Millman also notes that he doesn’t live in a majority-black neighborhood (see below). If he really believed that criminality in black-neighborhoods wasn’t worse, why wouldn’t he live in a majority-black neighborhood? They’re cheaper and in lots of cities they’re centrally located. Generally, these neighborhoods are cheaper "because of the crime." If Millman has spotted a market inefficiency, it’s sort of odd that he didn’t try to capitalize on it, no?
Still, it’s pointless to debate these theories. If Millman’s right, these maps wouldn’t the way they actually look. If Derbyshire is right, they’d look exactly the way they’d look.
Later Millman says:
I live in Brooklyn. I love living in Brooklyn. Do I live in a majority-black neighborhood? No. But there’s a large, majority black neighborhood right across the park from me. We share the park. Derbyshire’s advice to me and to my son is, effectively: don’t go to the park. Or, alternatively, don’t live in Brooklyn. But why? Does Derbyshire know what the crime statistics are like in my part of Brooklyn these days? Is he really that fearful?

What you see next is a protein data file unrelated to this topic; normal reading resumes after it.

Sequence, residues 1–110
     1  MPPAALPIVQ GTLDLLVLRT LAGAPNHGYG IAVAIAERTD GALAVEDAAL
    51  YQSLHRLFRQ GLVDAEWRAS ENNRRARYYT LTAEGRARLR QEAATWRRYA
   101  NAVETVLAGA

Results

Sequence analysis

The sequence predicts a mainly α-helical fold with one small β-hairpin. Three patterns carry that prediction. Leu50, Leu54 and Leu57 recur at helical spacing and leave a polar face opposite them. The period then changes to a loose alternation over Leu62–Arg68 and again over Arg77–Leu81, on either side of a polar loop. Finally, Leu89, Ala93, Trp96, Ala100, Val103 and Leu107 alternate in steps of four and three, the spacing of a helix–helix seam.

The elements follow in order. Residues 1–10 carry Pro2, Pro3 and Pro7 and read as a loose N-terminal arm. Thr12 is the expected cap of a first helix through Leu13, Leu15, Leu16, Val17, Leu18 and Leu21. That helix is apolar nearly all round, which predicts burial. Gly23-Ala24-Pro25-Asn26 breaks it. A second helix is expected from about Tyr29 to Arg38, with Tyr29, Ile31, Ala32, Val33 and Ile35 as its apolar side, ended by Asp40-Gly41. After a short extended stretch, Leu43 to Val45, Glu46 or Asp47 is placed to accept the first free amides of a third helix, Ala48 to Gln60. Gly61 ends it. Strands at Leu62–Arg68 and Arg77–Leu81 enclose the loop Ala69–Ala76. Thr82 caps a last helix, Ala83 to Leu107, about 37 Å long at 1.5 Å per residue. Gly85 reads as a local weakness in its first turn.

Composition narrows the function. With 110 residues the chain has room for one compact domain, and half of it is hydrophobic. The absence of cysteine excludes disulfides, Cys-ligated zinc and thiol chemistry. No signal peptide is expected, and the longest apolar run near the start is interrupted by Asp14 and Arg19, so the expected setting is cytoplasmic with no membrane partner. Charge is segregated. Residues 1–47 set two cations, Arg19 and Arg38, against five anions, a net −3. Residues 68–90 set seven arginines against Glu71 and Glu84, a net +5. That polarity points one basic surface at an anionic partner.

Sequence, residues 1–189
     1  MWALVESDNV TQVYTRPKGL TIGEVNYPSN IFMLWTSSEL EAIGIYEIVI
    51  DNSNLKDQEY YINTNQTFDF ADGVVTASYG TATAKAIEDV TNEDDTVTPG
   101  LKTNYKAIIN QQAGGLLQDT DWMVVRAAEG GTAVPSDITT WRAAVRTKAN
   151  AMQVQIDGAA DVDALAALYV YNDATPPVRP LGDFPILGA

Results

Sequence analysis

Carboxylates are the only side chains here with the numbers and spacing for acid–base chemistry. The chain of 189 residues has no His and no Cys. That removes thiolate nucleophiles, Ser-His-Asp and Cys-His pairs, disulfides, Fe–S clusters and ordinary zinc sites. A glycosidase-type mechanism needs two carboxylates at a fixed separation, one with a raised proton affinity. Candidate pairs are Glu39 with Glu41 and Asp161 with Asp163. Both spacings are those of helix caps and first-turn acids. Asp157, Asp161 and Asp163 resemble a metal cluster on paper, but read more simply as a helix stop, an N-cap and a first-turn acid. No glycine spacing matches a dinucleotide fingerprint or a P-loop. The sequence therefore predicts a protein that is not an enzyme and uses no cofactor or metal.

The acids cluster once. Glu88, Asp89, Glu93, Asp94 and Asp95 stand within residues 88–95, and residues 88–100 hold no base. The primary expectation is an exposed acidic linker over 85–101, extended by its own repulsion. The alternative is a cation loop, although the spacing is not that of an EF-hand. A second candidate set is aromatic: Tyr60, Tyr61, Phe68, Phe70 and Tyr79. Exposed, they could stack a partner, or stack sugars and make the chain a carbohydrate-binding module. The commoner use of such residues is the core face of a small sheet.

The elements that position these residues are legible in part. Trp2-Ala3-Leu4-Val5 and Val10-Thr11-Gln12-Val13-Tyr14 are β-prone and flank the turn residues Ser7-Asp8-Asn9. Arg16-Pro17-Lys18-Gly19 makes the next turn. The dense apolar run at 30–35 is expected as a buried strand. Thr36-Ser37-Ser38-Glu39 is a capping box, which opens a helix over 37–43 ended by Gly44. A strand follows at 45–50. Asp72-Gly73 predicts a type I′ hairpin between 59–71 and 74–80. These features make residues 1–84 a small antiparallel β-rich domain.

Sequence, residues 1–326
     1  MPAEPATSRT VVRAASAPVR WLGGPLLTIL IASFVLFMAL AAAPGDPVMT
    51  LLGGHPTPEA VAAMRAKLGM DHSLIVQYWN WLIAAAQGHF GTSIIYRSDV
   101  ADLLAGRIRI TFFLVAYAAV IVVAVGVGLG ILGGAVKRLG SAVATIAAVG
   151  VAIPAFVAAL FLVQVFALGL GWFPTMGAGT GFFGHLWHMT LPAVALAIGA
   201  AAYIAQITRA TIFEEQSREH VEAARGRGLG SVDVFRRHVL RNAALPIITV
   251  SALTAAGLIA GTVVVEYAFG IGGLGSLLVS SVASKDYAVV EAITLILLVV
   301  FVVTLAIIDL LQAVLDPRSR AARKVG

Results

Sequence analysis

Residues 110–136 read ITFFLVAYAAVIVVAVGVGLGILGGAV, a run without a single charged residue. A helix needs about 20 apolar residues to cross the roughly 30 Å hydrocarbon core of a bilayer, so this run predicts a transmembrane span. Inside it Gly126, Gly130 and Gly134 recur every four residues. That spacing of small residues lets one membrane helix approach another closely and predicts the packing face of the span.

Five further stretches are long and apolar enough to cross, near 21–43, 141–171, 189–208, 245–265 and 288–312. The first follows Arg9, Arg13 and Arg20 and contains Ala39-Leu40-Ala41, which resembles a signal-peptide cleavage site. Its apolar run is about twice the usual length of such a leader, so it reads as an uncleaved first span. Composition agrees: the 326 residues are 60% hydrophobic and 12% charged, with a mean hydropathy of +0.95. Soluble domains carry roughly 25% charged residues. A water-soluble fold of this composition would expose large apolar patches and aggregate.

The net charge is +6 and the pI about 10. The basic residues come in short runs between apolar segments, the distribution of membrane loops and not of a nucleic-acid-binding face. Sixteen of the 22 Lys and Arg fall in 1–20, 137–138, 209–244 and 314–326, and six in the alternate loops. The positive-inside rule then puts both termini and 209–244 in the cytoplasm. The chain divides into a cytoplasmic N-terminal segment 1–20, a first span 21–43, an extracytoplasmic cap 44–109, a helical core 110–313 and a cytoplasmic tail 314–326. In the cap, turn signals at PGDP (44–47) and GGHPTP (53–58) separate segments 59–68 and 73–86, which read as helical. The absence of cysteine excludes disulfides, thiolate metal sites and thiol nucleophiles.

His characterization of Derbyshire’s advice is wrong (his actual advice is to leave the park if the park is filled with an unusually large number of blacks that Millman doesn’t know – I’m willing to bet Millman would follow such advice).
I do live in a (slightly) majority-black neighborhood. Millman should have the decency here to admit that our neighborhoods (which are similar) aren’t normal by any standards. If the average house, for example, costs more than half a million dollars you’re not exactly in a normal black neighborhood. My kid plays with black kids in the park all the time, but if you look at the statistics, the sort of black kid who walks across the street from his $650,000 house to play with his biological father in the park isn’t exactly representative of statistical averages.
10 – One thing that most everybody (other than perhaps here) has missed is that it’s possible that only a foreigner would be surprised by the reaction to the article, as Derb apparently was. Americans are uniquely squirmy about race. I hang out with Europeans regularly, and it never takes long for a racist comment or two to be slipped into the conversation. No other Europeans flinch. Americans react like Rich Lowry.